An animal rights group is asking New York courts to recognize scientific evidence of emotional and cognitive abilities in chimpanzees and to grant the animals “legal personhood” so that they are ensured better treatment.
Nonhuman Rights Project, a nonprofit founded in 2007 by Massachusetts lawyer Steven Wise, filed a second lawsuit on Tuesday and plans to file a third today that asks the courts to declare that the chimps are not things to be possessed and caged by people and should be released from “illegal detention.”
The group is seeking an order, on behalf of four chimps, for their release to a sanctuary that is a member of the North American Primate Sanctuary Alliance, to live out their lives with other primates in a natural outdoor setting.
“In this case, we are claiming that chimpanzees are autonomous,” Wise said. “That is, being able to self-determine, be self-aware and be able to choose how to live their own lives.”
Wise said he does not expect the decisions to be favorable because the judges have no legal precedent to rely on. However, he said he would file appeals.
“These are the first in a long series of suits that will chip away at the legal thinghood of such non-human animals as chimpanzees,” he said.
The national group says it is dedicated to changing the common law status of some species other than humans. The group’s board of directors includes Wise and chimpanzee research pioneer Jane Goodall.
The lawsuits include affidavits from scientists who say chimpanzees have complex cognitive abilities, such as awareness of the past and the ability to make choices, and display complex emotions such as empathy.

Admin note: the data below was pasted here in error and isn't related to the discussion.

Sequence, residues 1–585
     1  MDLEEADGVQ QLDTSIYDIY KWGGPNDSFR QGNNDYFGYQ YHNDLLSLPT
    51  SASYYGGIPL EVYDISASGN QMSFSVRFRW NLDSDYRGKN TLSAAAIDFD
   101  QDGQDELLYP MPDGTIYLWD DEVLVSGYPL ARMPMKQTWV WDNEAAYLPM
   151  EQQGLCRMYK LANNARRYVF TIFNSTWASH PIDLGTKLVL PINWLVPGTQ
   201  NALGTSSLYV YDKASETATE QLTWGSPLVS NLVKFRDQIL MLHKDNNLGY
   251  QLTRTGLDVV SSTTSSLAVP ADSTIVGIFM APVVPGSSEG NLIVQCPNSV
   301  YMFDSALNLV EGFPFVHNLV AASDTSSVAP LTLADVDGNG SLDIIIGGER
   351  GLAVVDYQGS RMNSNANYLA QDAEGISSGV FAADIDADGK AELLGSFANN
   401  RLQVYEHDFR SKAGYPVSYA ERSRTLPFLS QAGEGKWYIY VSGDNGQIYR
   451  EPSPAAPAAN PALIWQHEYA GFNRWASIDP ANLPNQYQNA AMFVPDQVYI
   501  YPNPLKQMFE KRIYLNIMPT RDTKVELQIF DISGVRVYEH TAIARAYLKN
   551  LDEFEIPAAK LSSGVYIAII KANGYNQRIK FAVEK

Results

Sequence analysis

“Once we prove that chimpanzees are autonomous, that should be sufficient for them to gain legal personhood and at least have their fundamental interests protected by human rights,” Wise said.
If the lawsuits succeed, similar ones could eventually be filed on behalf of other species considered autonomous, such as gorillas, orangutans, whales, dolphins and elephants, Wise said.
The group filed suit on Monday in state Supreme Court in Fulton County, New York, on behalf of Tommy, an adult male chimp owned by Patrick Lavery and kept in a cage in a shed in a used trailer lot in Gloversville, 56km northwest of Albany. The lawsuit says Tommy is kept in a small cage in a chilly shed with only a television to keep him company.
The lawsuit on Tuesday was filed in Niagara Falls on behalf of Kiko, who lives in a cage in a brick building of the nonprofit Primate Sanctuary in that city.
Owners Carmen and Christie Presti have said they plan to move Kiko and other monkeys to a new facility on a large rural property.
The group said the third lawsuit will be filed today on behalf of two chimpanzees being used in locomotion research at Stony Brook University on Long Island.
None of the chimp owners returned phone calls seeking comment on Tuesday.